9 Maak, Niklas. Living Com-plex: From Zombie City to the New Communal, 2015. 147.

10 Evans, Robin. “Figu-res, Doors and Passages.” in Translation from Drawing to Building and Other Essays, 1997. 56–90.

11 Jacob, Sam. “Half of Eve-rything.” Harvard Design Ma-gazine, 2015.

12 Evans, Robin. Ibid.

2. Domestic Theatrics at Spreefeld Architekten, Fatkoehl.

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over potential terrors between the thresholds of public and private.

As a singular linear block, the six to eight repea-ting cells of two flats around a vertical circulation core is the ideal. Within an estate of self-repeating layout, however, the need for safety misinterprets as matters of interference and the independent flat access along the redundant streets subsequently draws the outside em-pty of any domestic conviviality. Unlike the traditional city where ensuing square and street provided a legi-ble structure to the ground by acting like a public relief valve to alleviate density, the voids here are staged, just like the stoops implying a sense of ownership simply as a theatre of existence.13

Marcus Garvey Village’s rhythm of built and open space is determined by the individual defining themsel-ves first in contradistinction to the pre-existing collec-tive. This is an act of closing contrary to the act of ope-ning in Stadstuinen, Rotterdam, where the individual beings form a community together (image 3).14 While the two projects share the same density, typology and precedent of the Berlage perimeter block model, the latter’s scale, hierarchy and orientation of its structured open spaces critiques the present dominant agglomera-tion of urban objects and the plausibility of their exact possible multiplication. In our fixation for quick pro-gress as a representation of our erratic ideals and ethos, how does one avoid the congeries of conspicuously dis-parate living machines and instead facilitate identifica-tion and diversity?15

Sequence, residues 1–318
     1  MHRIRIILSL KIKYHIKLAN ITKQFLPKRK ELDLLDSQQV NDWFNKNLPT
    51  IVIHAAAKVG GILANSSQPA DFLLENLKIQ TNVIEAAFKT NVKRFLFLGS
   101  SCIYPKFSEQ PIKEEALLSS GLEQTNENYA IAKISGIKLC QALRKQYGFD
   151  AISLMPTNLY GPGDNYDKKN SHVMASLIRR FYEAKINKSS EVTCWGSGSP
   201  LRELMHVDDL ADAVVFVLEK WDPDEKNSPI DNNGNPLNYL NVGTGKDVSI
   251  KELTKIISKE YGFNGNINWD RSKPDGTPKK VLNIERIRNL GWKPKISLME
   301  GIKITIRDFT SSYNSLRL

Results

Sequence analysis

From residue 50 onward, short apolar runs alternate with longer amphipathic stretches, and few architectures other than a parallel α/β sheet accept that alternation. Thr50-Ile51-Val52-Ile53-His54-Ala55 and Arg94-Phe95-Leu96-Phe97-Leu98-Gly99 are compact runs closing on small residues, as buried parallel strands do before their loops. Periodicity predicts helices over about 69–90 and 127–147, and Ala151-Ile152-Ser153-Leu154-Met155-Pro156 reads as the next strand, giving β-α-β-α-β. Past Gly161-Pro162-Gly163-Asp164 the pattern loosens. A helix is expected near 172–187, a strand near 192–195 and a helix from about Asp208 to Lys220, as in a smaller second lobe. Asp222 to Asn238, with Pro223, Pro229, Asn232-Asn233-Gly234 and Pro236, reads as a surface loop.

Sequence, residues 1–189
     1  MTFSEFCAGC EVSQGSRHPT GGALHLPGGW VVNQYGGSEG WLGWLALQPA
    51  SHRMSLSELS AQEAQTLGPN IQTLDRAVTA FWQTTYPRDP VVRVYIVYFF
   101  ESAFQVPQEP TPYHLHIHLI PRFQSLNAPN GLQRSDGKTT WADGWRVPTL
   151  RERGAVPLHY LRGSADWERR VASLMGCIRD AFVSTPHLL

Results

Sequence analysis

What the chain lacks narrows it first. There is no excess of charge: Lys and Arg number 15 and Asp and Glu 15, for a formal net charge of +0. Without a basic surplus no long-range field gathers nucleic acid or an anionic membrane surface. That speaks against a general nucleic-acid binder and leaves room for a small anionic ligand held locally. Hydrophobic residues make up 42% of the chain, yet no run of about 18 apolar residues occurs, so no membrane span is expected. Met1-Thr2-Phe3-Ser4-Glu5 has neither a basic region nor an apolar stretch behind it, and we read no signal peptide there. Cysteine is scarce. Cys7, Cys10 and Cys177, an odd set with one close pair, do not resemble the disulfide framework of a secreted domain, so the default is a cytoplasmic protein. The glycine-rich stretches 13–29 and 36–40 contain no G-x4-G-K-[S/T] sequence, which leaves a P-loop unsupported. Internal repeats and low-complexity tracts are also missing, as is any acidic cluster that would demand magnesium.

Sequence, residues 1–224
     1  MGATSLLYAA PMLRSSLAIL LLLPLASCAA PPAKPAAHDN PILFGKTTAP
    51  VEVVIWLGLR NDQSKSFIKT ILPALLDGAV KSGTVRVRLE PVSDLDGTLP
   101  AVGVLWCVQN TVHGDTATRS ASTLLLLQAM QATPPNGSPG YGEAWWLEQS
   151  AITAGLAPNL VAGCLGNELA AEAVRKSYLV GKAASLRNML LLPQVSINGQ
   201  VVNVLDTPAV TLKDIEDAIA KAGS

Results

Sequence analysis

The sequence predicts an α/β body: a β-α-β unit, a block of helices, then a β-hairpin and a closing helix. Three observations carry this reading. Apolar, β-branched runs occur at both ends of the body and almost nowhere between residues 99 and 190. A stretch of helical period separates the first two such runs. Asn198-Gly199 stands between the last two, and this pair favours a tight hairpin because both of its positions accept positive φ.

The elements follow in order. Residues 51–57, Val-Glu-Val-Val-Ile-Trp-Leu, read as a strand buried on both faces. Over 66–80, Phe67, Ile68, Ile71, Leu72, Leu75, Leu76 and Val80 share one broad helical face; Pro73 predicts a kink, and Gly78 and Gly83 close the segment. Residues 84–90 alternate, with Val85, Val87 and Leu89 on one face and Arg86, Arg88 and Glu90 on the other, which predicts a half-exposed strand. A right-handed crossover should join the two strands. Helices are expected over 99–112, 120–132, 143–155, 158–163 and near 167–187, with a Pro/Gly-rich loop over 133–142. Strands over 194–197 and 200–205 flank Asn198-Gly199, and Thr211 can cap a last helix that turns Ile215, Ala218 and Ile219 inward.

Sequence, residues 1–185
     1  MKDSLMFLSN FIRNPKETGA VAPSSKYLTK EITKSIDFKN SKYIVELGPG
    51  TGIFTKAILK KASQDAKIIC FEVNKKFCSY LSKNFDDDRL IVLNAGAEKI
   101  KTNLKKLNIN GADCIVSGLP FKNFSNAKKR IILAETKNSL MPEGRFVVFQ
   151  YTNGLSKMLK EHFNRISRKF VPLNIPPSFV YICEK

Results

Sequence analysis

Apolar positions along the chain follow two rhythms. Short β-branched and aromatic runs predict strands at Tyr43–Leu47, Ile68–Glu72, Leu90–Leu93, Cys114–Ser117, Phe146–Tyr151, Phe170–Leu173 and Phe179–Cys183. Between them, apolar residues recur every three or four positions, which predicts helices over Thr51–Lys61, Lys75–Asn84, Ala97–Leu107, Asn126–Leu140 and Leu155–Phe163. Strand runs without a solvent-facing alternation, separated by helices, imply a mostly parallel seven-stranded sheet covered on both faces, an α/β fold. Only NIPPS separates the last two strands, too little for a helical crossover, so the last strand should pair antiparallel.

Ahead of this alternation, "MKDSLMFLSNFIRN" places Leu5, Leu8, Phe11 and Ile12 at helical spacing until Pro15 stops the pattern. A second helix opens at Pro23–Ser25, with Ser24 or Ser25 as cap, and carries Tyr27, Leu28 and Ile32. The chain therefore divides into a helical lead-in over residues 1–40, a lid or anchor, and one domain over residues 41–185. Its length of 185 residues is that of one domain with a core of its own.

Generic at first glance, Stadstuinen’s sectional va-riations amalgamate into a much more coherent whole, drawing upon the tactics of a reductive disestablishment of the bourgeois niceties of cosmetic hierarchies. The ag-gregation of three different dwellings types generate an event structure around the shared, elevated ground, the nonspecific flows of which liquefies the rigid program-ming of the family life inside. Here, the undifferentiated inside-out relationship weaves together the secure inte-

rior with an individualized exterior, along with the ves-tigial and primary spaces into a coherent matrix.16